Church attack victims laid to rest in central Nigeria

Flag and map of Nigeria. (iStock)
Flag and map of Nigeria. (iStock)

Two Nigerian priests and 17 worshippers were buried on Tuesday, nearly a month after an attack on their church, as Catholics took to the streets calling for an end to a spiral of violence.

White coffins containing the bodies of the clergymen and the members of their congregation were laid to rest in central Benue state, which has been hit by a wave of deadly unrest.

The April 24 attack has been blamed on nomadic cattle herders at loggerheads with farmers over resources in a conflict that has taken on a wider ethnic, religious and political dimension.

The battle for land has been characterised as Nigeria's biggest security challenge, with the potential to eclipse even Boko Haram's Islamist insurgency.

Vice-President Yemi Osinbajo - himself a Pentecostal preacher - told thousands of mourners that the dawn attack at St Ignatius Church in Mbalom was "despicable".

"We can ensure justice... by apprehending and punishing their assailants. We must rebuild places that have been damaged and heal wounds that have been caused," he added.

Meanwhile, Roman Catholics mobilised across Nigeria to call on the government to do more to end the long-running conflict that has claimed hundreds of lives since the start of the year.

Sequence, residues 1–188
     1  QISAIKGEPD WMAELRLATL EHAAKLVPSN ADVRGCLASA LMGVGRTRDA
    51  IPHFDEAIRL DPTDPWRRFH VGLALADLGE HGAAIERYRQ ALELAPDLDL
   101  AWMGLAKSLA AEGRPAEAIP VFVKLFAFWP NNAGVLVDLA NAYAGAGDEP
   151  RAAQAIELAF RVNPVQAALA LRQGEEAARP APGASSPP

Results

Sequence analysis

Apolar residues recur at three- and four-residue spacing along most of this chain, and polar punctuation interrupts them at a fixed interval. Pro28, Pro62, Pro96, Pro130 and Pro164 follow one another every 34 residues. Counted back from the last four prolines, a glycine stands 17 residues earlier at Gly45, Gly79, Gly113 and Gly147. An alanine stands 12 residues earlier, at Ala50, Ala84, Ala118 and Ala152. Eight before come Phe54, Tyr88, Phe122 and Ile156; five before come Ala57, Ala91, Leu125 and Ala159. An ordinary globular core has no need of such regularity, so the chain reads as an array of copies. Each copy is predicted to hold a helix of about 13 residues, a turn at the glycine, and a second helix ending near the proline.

In the capital, the Archbishop of Abuja, Anselm Umoren, led about a dozen priests dressed in white and thousands of parishioners wearing black in a march through the streets.

With the farmers Christian and the herders Muslim, many believe the attacks are religiously motivated. The church attack sparked riots in the Benue state capital, Makurdi.

President Muhammadu Buhari, who has ordered in troops to keep the peace, has been accused of failing to act decisively as the herders are his kinsmen.

Some demonstrators held placards reading "Government must stop sleeping" and "Let the killings stop".

Umoren called on Buhari to bring those responsible to justice and said the protest was an occasion "to pray for all those who have been victims of barbaric and satanic killings".

There were similar sentiments in Lagos, the country's commercial hub in the southwest, where thousands of worshippers gathered for mass under tight security.

The Archbishop of Lagos, Alfred Adewale Martins, called those responsible "nothing less than terrorists".

"The Christians were doing nothing wrong but serving their God when they were murdered," he told the congregation.

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